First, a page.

From fixing water leaks to installing water-efficient plumbing fixtures, decreasing water waste is a great way to lessen your home’s environmental impact. Reducing water usage also reduces the energy required to process and deliver it to your home.

  • 7. Solar panels

    Installing solar panels can lower electric and natural gas consumption and utility bills by converting sunlight directly into electricity. The cost to install solar has dropped more than 60% in the last ten years. In addition, as a current homeowner or new homebuyer, you may be eligible to bundle the cost of an added solar energy system into your home loan with an energy-efficient mortgage program.

How to get the entire family involved in your home’s energy efficiency

Not all ways to save on your electric bill involve home improvement projects and home renovations. You can include the whole family with these five easy ways to reduce energy waste at home.

  • 1. Turn off the lights

    According to ENERGY STAR, the average home has 40 light bulbs. With the cost to light your home accounting for 12% of your electric bill, the whole family can help by turning off lights when they leave a room for more than a few minutes.

  • 2. Unplug electronics and devices

    Every little bit helps. In addition to turning off the lights, turn off fans, TVs, computers, video games and other devices when not in use. Devices can still draw power even when off or in sleep mode. Unplugging them can save as much as $100 per year on your electric bill. Or use a power strip that can easily be switched off when electronics are not in use.

  • 3. Help load the dishwasher

    Believe it or not, hand-washing dishes is more wasteful than running the dishwasher. Even though they use electricity, you’ll save energy and water when you run a full load through an ENERGY STAR-certified dishwasher. So put down the sponge and enlist the family to help save thousands of gallons of water each year.

  • 4. Plant a tree

    Planting a tree is a simple thing everyone in the family can do. Properly placed trees can provide energy-saving benefits by blocking cold winter winds and offering shade to cool your home.

  • 5. Take showers as opposed to baths

    It takes energy to heat the water used in baths and showers. However, taking showers saves water compared to taking baths.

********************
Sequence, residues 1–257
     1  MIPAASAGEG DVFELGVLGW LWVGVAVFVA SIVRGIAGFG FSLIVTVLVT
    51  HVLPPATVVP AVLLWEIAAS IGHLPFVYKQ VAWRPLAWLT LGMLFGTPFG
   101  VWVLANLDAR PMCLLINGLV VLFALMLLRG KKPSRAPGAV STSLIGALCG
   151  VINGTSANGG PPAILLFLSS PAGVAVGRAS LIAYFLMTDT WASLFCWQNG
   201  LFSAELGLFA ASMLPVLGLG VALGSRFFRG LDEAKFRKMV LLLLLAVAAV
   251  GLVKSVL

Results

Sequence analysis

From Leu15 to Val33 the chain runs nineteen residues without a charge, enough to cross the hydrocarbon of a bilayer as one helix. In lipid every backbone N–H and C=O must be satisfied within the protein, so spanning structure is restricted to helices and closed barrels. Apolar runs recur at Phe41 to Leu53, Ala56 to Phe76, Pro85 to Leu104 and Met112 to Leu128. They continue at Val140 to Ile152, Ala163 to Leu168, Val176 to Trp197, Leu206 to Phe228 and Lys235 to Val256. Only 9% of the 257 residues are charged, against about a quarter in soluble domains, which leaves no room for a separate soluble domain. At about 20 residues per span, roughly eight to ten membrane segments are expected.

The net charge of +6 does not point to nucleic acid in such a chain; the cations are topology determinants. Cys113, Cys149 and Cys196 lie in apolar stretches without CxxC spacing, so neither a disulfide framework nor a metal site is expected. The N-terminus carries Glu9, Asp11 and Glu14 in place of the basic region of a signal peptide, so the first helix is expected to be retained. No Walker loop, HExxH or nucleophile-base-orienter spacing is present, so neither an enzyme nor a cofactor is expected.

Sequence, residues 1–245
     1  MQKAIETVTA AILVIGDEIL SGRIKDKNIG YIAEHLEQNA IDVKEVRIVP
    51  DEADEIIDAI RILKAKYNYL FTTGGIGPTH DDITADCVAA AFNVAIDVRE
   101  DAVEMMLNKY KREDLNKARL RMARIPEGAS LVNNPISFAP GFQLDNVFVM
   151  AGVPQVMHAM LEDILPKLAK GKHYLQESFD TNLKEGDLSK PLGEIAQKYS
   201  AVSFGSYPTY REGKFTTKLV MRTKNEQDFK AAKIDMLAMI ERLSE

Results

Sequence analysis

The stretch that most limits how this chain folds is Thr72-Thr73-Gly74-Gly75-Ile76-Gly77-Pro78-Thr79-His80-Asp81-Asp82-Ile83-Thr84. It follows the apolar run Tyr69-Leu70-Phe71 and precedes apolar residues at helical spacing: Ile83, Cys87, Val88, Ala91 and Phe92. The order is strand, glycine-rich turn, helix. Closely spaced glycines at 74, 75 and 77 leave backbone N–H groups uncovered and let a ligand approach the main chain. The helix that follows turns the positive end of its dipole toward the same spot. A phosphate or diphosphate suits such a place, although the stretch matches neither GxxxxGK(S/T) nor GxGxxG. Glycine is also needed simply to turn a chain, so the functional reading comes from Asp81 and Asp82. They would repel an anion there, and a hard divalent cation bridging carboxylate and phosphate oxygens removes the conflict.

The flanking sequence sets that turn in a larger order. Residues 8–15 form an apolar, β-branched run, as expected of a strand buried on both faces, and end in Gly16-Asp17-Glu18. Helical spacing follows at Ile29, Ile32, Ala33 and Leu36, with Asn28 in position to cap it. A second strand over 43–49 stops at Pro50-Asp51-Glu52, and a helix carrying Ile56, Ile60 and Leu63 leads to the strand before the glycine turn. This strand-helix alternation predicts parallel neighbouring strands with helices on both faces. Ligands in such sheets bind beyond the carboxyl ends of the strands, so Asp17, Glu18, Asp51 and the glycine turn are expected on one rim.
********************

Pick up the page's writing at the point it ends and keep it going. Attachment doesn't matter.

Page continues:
Energy-efficient upgrades can reduce utility costs, which helps lower your monthly expenses and make your home more affordable in the long run. Whether you’re looking to improve your home, update your appliances or upgrade your home’s air conditioning and heating systems, we have energy-efficient mortgage programs to help you create the home of your dreams. To learn more, connect with an experienced loan officer.

The above information is for educational purposes only. All information, loan programs and interest rates are subject to change without notice. All loans subject to underwriter approval. Terms and conditions apply. Always consult an accountant or tax advisor for full eligibility requirements on tax deduction.

By |Published On: November 23rd, 2022|Categories: Guild Blog, Mortgage 101|Tags: , , |

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About the Author: Guild Mortgage

Founded in 1960 when the modern U.S. mortgage industry was just forming, Guild Mortgage Company is a nationally recognized independent mortgage lender providing residential mortgage products and local in-house origination and servicing. Guild’s collaborative culture and commitment to diversity and inclusion enable it to deliver a personalized experience for each customer. With more than 4,000 employees and over 250 retail branches, Guild has relationships with credit unions, community banks, and other financial institutions and services loans in 49 states and the District of Columbia. Guild’s highly trained loan professionals are experienced in government-sponsored programs such as FHA, VA, USDA, down payment assistance programs and other specialized loan programs. Guild Mortgage Company is a wholly owned subsidiary of Guild Holdings Company, whose shares of Class A common stock trade on the New York Stock Exchange under the symbol GHLD.